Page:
Key to the design of any classroom is the syllabus that guides the course and the students that make up the classroom itself. CNDLS continued its Inclusive Pedagogy Series with a focus on each of those elements during two workshops in early November—”Syllabus Design for Inclusivity” and “Social Identity Formation and College Students.”
Creating an Inclusive Syllabus
On November 1, Michelle Ohnona (CNDLS) and James Olsen (CNDLS) facilitated “Syllabus Design for Inclusivity,” highlighting the role of the syllabus as a tone-setting tool for the classroom. According to Olsen, a course syllabus is the “first word in a larger conversation”—it is one of the earliest encounters students may have with the course, and often is their first impression of the faculty member. With that in mind, a syllabus is more than an administrative exercise, but rather an intentional tool for course design.
Ohnona and Olsen provided examples of content to include in a syllabus, as well as various templates for possible syllabus statements (accommodation statements, class participation guidelines, etc.). A common theme and challenge to participants was to “think of the message you are sending”—whether that be with an accommodation statement or an articulation of the course’s learning goals. Also discussed was the role of the new Engaging Diversity requirement within the undergraduate core curriculum. Attendees were encouraged to consider how they might articulate a learning goal around inclusivity for their course(s) using the model of backward design.
Understanding Student Identity Development
While a syllabus is one way to prepare and cultivate an enriching classroom environment, an understanding of the process of student development and social identity formation also contributes to a rich learning space. Students are grappling with their own identities and views on difficult topics throughout college; therefore, creating a classroom conducive to that exploration can both support students’ development processes and take advantage of students’ curiosity and interest in connecting the world to their own lived experiences.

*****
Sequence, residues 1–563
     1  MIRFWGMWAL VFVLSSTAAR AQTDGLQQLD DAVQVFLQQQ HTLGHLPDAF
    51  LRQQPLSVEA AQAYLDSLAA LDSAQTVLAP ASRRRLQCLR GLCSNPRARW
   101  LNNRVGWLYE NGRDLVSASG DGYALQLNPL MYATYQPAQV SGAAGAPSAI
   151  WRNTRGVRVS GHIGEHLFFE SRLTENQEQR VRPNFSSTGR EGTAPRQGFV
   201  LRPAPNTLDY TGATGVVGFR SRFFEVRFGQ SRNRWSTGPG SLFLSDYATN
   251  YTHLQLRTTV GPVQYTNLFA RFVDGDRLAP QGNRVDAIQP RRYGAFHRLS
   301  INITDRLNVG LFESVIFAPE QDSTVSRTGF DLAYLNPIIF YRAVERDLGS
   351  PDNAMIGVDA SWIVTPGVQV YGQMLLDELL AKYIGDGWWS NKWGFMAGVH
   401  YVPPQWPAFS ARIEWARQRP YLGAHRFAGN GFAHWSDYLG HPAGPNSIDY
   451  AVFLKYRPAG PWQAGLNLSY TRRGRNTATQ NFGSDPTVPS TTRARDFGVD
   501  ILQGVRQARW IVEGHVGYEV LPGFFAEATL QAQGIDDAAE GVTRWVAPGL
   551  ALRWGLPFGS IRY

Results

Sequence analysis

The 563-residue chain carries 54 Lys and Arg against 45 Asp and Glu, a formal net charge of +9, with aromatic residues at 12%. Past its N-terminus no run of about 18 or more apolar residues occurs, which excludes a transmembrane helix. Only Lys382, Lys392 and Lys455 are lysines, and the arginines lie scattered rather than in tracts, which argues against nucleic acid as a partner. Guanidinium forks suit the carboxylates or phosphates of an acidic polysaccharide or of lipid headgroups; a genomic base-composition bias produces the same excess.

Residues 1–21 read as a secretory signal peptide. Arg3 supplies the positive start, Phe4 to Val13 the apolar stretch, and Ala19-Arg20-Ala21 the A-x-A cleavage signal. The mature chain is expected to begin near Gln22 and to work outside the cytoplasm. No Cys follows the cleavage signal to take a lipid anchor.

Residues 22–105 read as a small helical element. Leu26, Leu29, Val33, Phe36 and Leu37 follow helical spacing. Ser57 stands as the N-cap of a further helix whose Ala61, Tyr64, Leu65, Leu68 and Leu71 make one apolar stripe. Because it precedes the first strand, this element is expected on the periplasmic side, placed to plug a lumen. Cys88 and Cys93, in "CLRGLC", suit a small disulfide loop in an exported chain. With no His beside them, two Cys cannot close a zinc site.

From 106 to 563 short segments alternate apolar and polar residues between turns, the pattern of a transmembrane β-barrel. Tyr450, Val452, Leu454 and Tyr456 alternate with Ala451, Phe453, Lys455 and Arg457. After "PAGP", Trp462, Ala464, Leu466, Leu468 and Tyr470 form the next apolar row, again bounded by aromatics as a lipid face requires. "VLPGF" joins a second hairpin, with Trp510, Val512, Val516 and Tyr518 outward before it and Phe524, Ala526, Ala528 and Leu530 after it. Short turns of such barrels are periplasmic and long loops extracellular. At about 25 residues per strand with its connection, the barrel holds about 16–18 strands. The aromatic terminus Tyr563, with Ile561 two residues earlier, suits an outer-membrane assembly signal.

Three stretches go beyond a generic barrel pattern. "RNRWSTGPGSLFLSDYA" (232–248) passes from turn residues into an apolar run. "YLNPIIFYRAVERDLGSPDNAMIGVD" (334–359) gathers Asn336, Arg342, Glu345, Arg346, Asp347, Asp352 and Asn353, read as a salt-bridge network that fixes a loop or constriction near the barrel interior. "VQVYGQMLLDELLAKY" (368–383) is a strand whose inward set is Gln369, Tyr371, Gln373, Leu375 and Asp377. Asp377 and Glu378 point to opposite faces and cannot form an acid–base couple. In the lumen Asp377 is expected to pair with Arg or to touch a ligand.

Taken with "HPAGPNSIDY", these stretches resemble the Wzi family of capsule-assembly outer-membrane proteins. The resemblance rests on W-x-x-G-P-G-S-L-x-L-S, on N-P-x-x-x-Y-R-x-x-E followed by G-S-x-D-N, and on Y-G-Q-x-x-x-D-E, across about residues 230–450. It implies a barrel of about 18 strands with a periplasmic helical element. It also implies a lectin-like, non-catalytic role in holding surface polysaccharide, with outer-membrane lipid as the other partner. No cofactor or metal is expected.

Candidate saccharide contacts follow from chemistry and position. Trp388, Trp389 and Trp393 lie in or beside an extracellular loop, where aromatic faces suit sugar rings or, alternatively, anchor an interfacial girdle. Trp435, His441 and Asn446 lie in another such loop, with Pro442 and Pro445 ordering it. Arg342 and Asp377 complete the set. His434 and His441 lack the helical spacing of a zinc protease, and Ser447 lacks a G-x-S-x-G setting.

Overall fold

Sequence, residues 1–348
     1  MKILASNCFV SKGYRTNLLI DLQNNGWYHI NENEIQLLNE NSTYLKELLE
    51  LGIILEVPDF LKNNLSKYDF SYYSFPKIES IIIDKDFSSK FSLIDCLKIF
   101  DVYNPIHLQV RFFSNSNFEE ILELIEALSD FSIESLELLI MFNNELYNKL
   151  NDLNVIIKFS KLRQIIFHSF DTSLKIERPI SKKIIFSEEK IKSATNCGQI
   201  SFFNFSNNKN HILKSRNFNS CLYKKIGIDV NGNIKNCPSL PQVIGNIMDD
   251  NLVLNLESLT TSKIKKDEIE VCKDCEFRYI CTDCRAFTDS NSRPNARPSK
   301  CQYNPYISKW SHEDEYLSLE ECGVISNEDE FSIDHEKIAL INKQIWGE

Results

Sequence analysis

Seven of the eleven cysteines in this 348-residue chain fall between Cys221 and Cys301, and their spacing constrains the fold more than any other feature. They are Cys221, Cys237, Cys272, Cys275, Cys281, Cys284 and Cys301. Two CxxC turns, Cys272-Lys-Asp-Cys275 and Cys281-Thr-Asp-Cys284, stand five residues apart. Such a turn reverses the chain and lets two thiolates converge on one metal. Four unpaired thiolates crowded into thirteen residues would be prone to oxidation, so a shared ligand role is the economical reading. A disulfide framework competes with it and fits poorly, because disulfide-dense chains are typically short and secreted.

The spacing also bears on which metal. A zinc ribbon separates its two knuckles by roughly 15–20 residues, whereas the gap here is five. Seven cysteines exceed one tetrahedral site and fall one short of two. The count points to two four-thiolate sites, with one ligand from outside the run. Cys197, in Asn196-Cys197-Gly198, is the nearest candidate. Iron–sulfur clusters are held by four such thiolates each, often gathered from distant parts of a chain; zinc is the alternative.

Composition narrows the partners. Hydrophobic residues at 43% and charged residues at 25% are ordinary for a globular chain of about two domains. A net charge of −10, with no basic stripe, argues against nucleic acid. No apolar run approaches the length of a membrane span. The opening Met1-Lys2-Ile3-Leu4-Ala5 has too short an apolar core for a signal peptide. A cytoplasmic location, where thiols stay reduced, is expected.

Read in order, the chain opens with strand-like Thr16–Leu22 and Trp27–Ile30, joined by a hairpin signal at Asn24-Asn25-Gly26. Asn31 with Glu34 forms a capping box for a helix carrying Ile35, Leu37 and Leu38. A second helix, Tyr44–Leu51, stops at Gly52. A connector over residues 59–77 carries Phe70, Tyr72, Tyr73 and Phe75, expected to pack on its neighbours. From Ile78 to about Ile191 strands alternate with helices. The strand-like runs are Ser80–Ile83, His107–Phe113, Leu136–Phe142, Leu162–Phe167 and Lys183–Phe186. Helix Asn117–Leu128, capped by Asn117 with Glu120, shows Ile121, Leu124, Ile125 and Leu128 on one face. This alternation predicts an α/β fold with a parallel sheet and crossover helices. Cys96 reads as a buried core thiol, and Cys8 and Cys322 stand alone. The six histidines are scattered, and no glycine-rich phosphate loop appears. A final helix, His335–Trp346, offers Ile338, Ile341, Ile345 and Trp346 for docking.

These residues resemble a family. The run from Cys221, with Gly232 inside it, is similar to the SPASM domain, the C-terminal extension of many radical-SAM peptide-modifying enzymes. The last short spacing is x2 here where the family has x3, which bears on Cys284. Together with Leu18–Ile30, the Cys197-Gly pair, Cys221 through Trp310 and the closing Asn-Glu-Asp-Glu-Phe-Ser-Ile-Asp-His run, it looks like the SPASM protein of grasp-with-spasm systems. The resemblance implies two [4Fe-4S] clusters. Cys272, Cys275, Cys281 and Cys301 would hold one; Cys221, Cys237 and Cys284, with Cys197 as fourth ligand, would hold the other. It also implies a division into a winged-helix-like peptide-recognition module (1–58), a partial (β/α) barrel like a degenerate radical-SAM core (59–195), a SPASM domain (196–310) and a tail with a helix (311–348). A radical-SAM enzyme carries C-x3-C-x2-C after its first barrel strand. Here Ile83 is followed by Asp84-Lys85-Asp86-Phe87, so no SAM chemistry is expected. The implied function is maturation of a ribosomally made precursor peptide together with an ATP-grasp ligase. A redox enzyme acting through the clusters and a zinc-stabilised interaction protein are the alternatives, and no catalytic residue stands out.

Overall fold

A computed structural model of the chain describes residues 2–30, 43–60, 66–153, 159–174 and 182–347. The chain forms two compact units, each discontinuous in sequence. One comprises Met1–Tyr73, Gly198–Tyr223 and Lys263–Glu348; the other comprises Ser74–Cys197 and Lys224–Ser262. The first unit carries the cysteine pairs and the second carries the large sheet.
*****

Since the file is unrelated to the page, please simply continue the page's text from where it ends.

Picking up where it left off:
On November 10, Joselyn Lewis (CNDLS) and Daviree Velázquez (Center for Multicultural Equity and Access), led an Inclusive Pedagogy workshop on social identity development during emerging adulthood. Their session included an overview of several identity development theories, drawing on various fields of study—from psychology (Erik Erikson) to sociology (Kenneth Feldman and Theodore Newcomb) to social psychology (G. R. Adams and S. K. Marshall) and even developmental ecology (Urie Bronfenbrenner).
Lewis and Velázquez also discussed the more recent impacts of post-modernism/post-structuralism and multidisciplinary lenses which helped establish more recent concepts of intersectionality and multiple dimensions of identity. To the latter point, the two led an exercise in social identity awareness to help illustrate the importance of considering one’s own identity development over time. Lewis and Velázquez asked participants to consider their own sense of self, and the most salient factors of their identity today in comparison with the aspect(s) that were more—or less—salient during their own college years. The discussion that followed highlighted the powerful impact on student learning faculty can have when they create opportunities for students to “see themselves” in the curriculum, discussions, and community of a given class.
The Inclusive Pedagogy series will offer its final fall semester workshop, “Gender Identity in the Classroom: Strategies for Inclusivity,” on Tuesday, November 29 from 12:30pm to 2pm in the HFSC Herman Room. This session will be facilitated by Michelle Ohnona (CNDLS) and Julian Haas (LGBTQ Resource Center). To RSVP, learn more about past sessions, and find additional resources, please visit our website.